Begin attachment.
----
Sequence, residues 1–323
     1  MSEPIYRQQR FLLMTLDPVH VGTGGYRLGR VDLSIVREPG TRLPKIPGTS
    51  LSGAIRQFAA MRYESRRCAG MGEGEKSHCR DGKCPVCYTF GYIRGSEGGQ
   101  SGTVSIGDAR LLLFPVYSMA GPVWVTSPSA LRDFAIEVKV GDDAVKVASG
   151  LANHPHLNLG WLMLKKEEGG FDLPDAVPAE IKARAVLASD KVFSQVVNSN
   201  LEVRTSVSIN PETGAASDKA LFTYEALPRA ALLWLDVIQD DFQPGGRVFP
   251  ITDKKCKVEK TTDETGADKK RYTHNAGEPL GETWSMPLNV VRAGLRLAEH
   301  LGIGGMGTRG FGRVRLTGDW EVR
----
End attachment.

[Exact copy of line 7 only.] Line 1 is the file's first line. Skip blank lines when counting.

   251  ITDKKCKVEK TTDETGADKK RYTHNAGEPL GETWSMPLNV VRAGLRLAEH